Let me set the scene for you: The Games of the XXI Winter Olympiad are about to end, and they were pretty good.
Let me reset the scene for you: The Games of the XXI Winter Olympiad are about to end, and they were truly transcendent. Everyone is anxiously awaiting the Closing Ceremonies, complete with the first unveiling of the Ultimate Podium and the first declaration of a real Olympic winner.
We all know that the Winter Olympics suffer from a bit of a middle-child syndrome, perpetually locked between the last Summer Olympics and the next Summer Olympics. But at their heart, the Winter Olympics should be more fascinating than their vernal kin. This is because so many of its events are so novel to us living in America. We no longer live in the peaceful America of Saturdays spent with Jim McKay and ABC’s Wide World of Sports, where we’d occasionally catch a glimpse of a skiing event in a year that wasn’t divisible by four.* With our sporting purview more limited to the mainstream now, our predominant reaction to the sports of the Winter Olympics comprises questions such as, “What’s going on here?” and “How come nobody else thinks this is that cool?” (The latter of which is adopted by my own colleague.)
*This was back when the Winter Olympics only occurred in years divisible by four. Continue reading
Before the Winter Olympics started, I considered writing a satirical post about how excited I was for curling. I didn’t consider it for long, though, because faux-excitement for the Winter Olympics and for curling in particular was sort of played out. The Winter Olympics are pretty much a joke in America; women pay attention to the figure skating, and sports journalists try to make a big deal out of skiing and speed skating (so long as they’re both headed by good-looking marketable stars). Curling was the biggest joke of all, a ludicrous extension of the term “sport” into the realm of bocce and shuffleboard played out on ice, complete with brooms.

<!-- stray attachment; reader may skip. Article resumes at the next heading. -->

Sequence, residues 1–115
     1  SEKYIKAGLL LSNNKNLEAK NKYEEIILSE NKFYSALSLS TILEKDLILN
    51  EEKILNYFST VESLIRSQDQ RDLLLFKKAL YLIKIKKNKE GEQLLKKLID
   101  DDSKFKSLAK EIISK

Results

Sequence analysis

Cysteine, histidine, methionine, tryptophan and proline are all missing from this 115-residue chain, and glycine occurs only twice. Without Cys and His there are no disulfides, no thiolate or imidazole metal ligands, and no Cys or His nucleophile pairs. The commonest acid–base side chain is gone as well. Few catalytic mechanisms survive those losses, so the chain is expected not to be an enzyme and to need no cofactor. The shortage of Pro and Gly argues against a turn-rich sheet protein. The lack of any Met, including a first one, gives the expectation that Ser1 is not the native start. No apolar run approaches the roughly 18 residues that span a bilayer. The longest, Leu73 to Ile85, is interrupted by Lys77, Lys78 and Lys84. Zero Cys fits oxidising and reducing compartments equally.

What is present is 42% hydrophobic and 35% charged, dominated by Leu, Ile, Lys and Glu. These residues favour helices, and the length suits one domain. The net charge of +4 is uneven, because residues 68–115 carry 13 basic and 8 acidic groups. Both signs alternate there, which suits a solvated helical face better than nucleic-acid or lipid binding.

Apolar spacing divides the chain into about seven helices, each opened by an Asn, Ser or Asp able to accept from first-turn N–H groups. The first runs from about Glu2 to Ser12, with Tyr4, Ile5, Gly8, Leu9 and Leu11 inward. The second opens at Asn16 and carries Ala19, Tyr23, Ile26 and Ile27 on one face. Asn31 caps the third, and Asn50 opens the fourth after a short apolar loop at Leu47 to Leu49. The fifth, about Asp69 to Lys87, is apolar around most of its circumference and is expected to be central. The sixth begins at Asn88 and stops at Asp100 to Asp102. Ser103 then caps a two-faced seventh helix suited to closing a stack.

Now that I have watched curling, I have come to a conclusion that I guess shouldn’t surprise me too much: Curling is awesome. Curling is awesome because, while not a sport, it is the closest thing the Winter Olympics has to a sport outside of hockey. This is because it is played in teams with objective scoring. There are curling matches, whereas everything else in the Winter Olympics is either judged or a race—or in some ridiculous cases, such as Moguls, a hybrid of the two. Simple comparisons to bocce or shuffleboard are misguided because they underestimate the dramatic and propulsive influence of the ice. In bocce, you’re just trying to get your ball closest to the Pauline; on both sand and grass, it’s very difficult to really deflect the opposition’s balls further from the target. In shuffleboard, you can’t put spin on the puck; everything is in straight lines. Continue reading